I’ve literally seen Chinatown grow from its very first days — I attended Strake Jesuit before and during the construction of Diho Square — and I make it a point to visit at least once a month, usually with my high-school age daughter with me. What continues to amaze me is how incredibly rich and amazingly broad the dining scene has become, especially over the last 20 years. Each time I go, I discover not just new dishes, restaurants, regional or even national cuisines, but cooking styles common all over Asia but new to me.

The latest such is hot pot cooking. I first started noticing hot pot dishes and restaurants about 15 years ago, tried my first order a few years after that, and all along, hot pot eateries have been multiplying all up and down the Bellaire corridor: now you can find traditional and hip Chinese, not to mention Chongqing and Sichuan variations;  Taiwanese and Hong Kong-style too;  and in the case of One Hot Pot & Grill, Vietnamese variations on the ancient style of cooking. (Food historians trace the style back at least 3000 years, and others speculate it could date all the way back to Neolithic origins.)

Skip ahead if you don’t need a hot-pot mansplanation, but read on if you do: also known as “soup-food” or a “steamboat,” generally speaking, a hot pot dish is a powerfully hot, flavorful broth served separate from the rest of it’s ingredients: seafood and / or meats (often delivered raw or undercooked and very thin-sliced) and tofu, mushrooms and vegetables, and noodles and dumplings. While keeping the stock at a slow simmer, diners use the rest of their ingredients and various sauces to create a variety of different soup dishes as they see fit — most often, meat and seafood goes into the gently boiling broth first and then the vegetables. After steeping in the broth as needed, these items are removed and sauced to each diner’s liking, and once all items are simmered, you switch off the heat under the broth and, as a sort of dessert, enjoy the now very flavorful soup last.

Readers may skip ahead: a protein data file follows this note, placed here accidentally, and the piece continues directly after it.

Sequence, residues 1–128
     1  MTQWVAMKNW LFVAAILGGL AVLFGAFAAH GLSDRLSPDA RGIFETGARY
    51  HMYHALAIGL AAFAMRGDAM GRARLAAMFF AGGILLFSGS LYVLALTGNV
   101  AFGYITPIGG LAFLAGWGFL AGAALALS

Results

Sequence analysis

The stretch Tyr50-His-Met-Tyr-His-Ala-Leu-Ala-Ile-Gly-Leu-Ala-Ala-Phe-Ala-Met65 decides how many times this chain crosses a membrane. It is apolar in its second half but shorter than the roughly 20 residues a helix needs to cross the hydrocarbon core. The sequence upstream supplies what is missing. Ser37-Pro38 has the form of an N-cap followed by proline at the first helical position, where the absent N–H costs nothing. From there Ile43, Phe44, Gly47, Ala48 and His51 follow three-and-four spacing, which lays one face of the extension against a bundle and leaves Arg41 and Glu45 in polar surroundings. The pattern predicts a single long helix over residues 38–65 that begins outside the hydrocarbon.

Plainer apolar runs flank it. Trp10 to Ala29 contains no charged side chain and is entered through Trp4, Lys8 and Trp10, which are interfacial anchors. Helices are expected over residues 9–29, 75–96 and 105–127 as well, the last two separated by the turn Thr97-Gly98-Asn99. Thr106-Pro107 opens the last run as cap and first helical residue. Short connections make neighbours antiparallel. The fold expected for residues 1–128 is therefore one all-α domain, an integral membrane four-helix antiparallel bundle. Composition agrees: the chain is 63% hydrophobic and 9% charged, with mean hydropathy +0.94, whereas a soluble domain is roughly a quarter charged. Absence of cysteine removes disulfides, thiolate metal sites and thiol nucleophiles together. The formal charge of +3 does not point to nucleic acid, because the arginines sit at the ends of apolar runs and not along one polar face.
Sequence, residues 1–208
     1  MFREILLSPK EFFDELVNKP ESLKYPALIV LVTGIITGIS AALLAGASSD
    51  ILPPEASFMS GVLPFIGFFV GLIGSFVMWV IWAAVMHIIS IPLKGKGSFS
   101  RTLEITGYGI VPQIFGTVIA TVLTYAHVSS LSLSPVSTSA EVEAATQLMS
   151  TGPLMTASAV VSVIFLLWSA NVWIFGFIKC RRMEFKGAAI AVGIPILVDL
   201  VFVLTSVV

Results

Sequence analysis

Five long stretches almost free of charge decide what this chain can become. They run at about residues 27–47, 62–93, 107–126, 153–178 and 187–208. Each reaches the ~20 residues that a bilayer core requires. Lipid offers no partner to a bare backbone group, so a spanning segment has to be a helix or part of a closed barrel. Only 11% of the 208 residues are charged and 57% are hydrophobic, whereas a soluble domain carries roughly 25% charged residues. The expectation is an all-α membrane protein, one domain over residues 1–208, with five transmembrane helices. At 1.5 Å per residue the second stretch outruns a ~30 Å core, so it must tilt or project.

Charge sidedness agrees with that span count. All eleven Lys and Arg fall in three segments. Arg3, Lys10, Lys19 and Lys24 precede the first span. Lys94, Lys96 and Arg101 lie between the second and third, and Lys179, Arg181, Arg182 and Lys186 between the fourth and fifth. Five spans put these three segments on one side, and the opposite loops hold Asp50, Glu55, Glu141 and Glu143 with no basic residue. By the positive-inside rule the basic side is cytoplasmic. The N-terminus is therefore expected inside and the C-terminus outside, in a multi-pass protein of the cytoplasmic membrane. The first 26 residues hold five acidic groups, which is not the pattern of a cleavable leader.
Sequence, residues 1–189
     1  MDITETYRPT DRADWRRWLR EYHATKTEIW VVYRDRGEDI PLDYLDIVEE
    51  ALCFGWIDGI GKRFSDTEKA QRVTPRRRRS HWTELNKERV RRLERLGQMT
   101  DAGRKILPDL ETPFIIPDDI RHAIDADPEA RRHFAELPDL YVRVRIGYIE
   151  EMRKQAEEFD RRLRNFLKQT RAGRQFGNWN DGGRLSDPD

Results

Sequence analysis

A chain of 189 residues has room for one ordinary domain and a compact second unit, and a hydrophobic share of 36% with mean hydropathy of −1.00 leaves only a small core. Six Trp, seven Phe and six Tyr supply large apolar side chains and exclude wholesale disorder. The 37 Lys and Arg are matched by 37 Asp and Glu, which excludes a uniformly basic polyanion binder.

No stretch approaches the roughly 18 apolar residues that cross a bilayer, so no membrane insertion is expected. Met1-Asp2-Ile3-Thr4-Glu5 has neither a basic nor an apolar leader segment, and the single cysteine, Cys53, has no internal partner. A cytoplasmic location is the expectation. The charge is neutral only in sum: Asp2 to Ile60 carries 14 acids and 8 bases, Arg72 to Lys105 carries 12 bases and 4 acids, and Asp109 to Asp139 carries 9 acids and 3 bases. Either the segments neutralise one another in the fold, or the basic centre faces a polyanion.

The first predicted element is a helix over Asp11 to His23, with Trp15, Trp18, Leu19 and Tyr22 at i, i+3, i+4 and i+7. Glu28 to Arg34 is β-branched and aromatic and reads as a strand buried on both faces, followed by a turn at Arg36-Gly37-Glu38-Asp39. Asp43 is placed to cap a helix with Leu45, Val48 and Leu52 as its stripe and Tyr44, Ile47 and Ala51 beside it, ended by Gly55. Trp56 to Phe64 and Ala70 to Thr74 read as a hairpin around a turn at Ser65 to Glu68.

In addition to a full menu of non-hot pot Vietnamese grilled dishes, One Hot Pot — sleek and dark, yet also cheery inside — offers typically seafood-heavy hot pots hailing from that mainly coastal nation. Shrimp, crab, and shellfish of many varieties (oysters, clams, mussel-like sea snails, and scallops) abound. “Chut-chut” snails in sweet-creamy and savory coconut milk are another popular dish — it takes some coaching to eat them, but extracting the sweet snail meat from the shell is not unlike sucking a crawfish head, an art most Houstonians have mastered. I regretted offering my Korean-style grilled beef with my daughter after a bite or two, for I never saw it again once it came into range of her chopsticks. As for the broths, they were amazing, even if we didn’t get the full hot pot experience: by a combination of ignorance on the finer points of hot pot dining methods and pandemic social distancing-enforced to-go ordering, we found ourselves jumbling up two different hot pot packages (Thai and surf and turf) at our picnic table at nearby Arthur Storey Park…Nevertheless, even a hot pot experience as mishmashed as our was and without the steady simmering broth, it was an illuminating and tasty experience. (As well as musical — a group of about 12 parkgoers had taken over a nearby gazebo, where they performed modern-day blues in both full-band mode and karaoke-style.)

Well worth a return visit, especially now that the dining room is open and adhering to safety regulations.

One Hot Pot & Grill
12148 Bellaire Blvd #112, 77072